With many African countries that have a wealth of natural resources their exportation has led to massive inequality, corruption and violence with only a small minority profiting from the resource, in other cases foreign corporations have exploited the resource and used foreign labour and capital which has therefore meant that local communities have enjoyed little benefit from the resources. Total have pledged to involve the local community in their development claiming $2.5bn of the funds raised will go to local firms and 5,000 out of the 14,000 hired workers will be Mozambican. Whether these pledges will materialise remains to be seen but it does highlight the emphasis Total are placing on ensuring the project is of benefit to the locals.
Mozambique’s abundance of natural gas offers a chance for the company to escape poverty, however, to ensure they can efficiently utilise this resource they need to purge the multitude of issues that threaten the success of the Total project and whether the Exxon project will go ahead. If the previously troubled government can control the violence and ensure the safety of the project there is every chance that Mozambique can flourish. However, it seems unlikely that the struggling government will be able to quell the insurgency and there is little they can do about the other issues that the project faces in low energy prices and the global impact of the COVID-19 pandemic.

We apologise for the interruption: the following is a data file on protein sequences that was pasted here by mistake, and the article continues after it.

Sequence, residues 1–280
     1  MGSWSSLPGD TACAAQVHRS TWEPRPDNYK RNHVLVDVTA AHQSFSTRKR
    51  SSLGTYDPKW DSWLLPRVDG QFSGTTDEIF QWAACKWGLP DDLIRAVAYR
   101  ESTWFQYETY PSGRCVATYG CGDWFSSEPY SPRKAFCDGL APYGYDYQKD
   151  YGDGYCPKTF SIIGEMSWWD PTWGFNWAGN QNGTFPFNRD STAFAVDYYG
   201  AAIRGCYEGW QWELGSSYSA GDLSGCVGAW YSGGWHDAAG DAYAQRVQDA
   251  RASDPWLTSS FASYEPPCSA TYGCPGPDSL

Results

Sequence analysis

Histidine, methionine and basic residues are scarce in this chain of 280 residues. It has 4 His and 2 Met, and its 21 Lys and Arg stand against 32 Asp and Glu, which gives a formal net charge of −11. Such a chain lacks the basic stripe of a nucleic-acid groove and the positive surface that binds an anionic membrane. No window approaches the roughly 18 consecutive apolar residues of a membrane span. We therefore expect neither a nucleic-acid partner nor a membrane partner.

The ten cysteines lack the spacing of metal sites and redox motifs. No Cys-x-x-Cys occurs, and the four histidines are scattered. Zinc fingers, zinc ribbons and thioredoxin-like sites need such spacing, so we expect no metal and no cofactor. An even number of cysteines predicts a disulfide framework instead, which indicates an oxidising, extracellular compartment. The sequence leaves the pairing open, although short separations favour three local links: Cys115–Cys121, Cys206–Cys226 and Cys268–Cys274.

Africa’s biggest investment has the potential to bring great wealth to a struggling region but with all the obstacles the project faces it is difficult to envisage a situation where Mozambique enjoy the full potential of their natural gas reserves.